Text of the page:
Don’t worry. We have a solution: revert the core manually on a staging site which is an exact replica of your live site. 

Once you have carried out the manual process on your staging site without any issue, you can merge the staging site with the live sites. That way, you don’t have to worry about replicating the process on the live site.

The following section tells you the steps you need to take to revert the core manually. And what the steps are going to help you achieve. 

Step 1: Download the Previous WordPress Version

  • Figure Out Which Version You Want to Revert To: You’ll learn which version of the core was your website using before you updated it and broke the site.
  • Create a Staging Site: It is a duplicate of your live site. You’ll revert the core on this staging site. 

Step 2: Delete Old WordPress Files

  • You’ll learn how to access your WordPress files on your staging site and delete them.

Step 3: Upload New WordPress Files 

  • You’ll learn how to upload the previous WordPress version to your staging site. And then check the site thoroughly to see if it’s working properly. 

Step 4: Merge Staging Site With Live Site

  • You’ll learn to merge the staging site that you just reverted with the live site. 

Here’s we go –

Step 1: Download the Previous WordPress Version

i. If you don’t know which previous version you were using, then use the Wayback Machine to find that out. We listed down the steps in the above section. 

ii. Then go to WordPress Release and download the zip folder of the previous WordPress version.

wordpress old version download

Now, we have mentioned quite a few times that manual methods are risky. So we will not carry out the manual method on the live site but on a staging site which is a replica of your live site. At the end, you merge your downgraded staging site with the live site. 

Create a Staging Site

i. To create a staging site, download BlogVault and install it on your site. 

ii. From the left hand menu on your dashboard select BlogVault. 

iii. In the next page, enter your email address, select Staging from the drop-down , click on Get Started.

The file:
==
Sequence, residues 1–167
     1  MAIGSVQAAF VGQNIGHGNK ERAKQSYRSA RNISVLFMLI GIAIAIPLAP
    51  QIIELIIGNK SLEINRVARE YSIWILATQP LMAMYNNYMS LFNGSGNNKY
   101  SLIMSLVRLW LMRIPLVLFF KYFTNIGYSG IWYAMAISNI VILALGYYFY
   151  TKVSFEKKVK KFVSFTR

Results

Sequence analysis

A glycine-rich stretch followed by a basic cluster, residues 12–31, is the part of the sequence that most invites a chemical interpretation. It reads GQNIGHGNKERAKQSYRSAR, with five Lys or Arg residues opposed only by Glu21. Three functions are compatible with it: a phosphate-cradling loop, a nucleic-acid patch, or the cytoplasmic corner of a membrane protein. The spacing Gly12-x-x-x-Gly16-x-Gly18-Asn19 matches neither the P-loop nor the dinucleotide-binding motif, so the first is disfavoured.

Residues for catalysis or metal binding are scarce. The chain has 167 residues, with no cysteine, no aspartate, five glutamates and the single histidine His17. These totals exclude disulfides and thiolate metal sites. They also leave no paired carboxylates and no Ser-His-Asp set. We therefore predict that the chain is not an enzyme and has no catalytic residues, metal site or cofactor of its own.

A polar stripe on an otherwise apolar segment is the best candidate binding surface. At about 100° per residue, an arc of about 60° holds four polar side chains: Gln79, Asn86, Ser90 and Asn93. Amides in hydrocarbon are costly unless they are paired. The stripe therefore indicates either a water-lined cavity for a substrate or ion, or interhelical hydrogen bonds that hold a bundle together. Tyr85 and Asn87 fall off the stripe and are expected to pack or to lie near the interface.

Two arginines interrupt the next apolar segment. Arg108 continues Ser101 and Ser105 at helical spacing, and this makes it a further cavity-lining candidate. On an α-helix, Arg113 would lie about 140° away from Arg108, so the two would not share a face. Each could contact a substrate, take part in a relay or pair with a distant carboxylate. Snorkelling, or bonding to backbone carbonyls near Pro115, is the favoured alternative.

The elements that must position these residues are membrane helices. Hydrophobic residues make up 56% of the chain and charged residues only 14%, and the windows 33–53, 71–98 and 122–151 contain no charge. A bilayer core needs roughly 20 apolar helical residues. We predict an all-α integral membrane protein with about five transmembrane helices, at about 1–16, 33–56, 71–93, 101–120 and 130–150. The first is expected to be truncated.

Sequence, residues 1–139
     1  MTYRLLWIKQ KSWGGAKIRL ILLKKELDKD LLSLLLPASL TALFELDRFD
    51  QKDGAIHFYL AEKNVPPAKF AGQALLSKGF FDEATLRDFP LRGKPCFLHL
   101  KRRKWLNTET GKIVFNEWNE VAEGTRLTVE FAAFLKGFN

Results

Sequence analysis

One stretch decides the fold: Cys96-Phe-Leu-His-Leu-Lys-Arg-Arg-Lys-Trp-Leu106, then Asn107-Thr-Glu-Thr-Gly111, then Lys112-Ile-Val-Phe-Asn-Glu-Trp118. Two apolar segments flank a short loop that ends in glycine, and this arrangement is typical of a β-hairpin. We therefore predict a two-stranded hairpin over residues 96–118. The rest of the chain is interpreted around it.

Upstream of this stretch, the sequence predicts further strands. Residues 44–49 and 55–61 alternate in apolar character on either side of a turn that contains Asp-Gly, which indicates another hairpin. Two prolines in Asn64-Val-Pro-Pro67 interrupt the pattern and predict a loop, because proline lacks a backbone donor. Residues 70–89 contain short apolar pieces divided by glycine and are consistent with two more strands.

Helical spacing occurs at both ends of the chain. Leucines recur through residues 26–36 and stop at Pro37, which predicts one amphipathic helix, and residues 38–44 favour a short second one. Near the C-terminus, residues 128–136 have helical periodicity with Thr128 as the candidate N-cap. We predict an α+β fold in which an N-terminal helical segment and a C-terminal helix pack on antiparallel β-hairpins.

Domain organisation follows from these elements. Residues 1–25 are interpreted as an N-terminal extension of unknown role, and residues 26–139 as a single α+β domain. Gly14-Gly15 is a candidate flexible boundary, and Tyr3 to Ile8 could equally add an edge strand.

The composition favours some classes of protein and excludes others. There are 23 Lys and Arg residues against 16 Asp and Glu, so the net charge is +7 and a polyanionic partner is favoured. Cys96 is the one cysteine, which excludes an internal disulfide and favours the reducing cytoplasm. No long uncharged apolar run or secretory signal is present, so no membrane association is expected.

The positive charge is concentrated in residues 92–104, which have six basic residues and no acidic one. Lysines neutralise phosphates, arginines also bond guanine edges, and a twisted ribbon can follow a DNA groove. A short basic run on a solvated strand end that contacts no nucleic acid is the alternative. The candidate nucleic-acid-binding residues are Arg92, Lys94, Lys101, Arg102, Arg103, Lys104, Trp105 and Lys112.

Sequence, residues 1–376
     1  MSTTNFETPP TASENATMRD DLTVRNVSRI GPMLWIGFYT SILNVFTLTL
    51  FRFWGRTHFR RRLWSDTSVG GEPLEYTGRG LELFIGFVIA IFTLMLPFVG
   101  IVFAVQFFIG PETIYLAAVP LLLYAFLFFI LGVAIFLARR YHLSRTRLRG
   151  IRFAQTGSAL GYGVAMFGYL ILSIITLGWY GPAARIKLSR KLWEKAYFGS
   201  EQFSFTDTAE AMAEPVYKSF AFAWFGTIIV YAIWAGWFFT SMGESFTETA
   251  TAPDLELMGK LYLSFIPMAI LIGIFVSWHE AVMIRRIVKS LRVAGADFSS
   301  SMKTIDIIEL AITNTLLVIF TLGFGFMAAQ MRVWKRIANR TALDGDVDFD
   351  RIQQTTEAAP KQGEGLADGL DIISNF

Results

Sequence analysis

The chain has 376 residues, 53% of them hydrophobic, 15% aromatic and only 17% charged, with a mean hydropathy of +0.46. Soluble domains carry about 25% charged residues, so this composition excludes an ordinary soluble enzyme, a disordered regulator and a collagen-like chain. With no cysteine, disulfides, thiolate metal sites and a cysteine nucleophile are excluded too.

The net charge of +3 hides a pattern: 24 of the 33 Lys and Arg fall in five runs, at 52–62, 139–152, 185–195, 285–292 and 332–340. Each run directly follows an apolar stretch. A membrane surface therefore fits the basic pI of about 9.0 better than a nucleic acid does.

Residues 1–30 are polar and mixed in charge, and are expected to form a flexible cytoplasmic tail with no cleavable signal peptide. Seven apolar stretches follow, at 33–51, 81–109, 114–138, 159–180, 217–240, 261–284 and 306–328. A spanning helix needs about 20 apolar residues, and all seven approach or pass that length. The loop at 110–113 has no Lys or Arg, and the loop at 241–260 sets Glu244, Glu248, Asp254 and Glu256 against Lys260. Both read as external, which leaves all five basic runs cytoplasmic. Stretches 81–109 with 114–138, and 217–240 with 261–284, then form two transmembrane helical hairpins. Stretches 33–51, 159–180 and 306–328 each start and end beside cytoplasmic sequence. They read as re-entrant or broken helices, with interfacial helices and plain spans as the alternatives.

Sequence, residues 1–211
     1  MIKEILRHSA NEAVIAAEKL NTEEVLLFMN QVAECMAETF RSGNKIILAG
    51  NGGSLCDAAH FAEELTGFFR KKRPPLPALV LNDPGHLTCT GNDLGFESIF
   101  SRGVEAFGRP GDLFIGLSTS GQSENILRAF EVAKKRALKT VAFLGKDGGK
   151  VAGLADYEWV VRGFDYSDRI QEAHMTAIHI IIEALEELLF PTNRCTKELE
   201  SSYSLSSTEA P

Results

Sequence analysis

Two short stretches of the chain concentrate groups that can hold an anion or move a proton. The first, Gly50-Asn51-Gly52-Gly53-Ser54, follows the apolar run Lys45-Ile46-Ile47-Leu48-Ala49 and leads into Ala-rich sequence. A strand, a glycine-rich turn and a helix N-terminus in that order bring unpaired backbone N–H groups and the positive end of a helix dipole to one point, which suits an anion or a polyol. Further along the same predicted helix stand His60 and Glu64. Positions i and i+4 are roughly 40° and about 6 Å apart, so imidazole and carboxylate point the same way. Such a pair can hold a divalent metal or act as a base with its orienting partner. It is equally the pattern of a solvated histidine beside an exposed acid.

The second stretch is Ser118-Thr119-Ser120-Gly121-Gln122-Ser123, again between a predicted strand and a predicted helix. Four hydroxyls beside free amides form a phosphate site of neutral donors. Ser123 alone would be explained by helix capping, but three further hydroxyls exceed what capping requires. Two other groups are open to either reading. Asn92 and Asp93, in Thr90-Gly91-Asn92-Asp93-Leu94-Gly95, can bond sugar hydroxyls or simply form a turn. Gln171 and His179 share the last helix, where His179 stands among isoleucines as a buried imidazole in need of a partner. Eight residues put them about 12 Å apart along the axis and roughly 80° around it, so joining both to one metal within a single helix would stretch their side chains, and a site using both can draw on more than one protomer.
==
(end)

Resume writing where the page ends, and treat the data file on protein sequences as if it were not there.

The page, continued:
blogvault staging get started

iv. BlogVault will start taking a backup of your site. When the backup is ready, go to the BlogVault dashboard and navigate to the section – Staging and select Add Staging.

blogvault add staging

v. Once the staging site is ready, open it by clicking on the Visit Staging Site button. Make a note of the URL which will look something like this https://examplesite.d.wpstage.net/. You’ll need the URL later.

visiting staging site

Let’s move to the next section.

Step 2: Delete Old WordPress Files

A WordPress website is made up of WordPress files and folders. 

You need to delete your old files and folders from the Staging Site and replace them with the new one that you just downloaded in step 1.

Follow the steps below – 

i. Download and install Filezilla on your computer. It will help you access your WordPress files right from your desktop.

ii. Now, open Filezilla and connect it with your staging site. 

The credentials you need to make this connection can be found on the BlogVault dashboard. Open BlogVault, go to Staging and click on the arrow as shown in the image below. 

blogvault staging

iii. In the next page, you will find SFTP details

blogvault's sftp page

iv. Use them to connect the staging site to Filezilla

filezilla quick connect

iv. On Filezilla, there are 4 panels.

When the connection is established, on the top right panel, you will find a folder called public_html. This is where all your WordPress files are stored. When you select it, the contents of the folder will appear in the bottom right panel.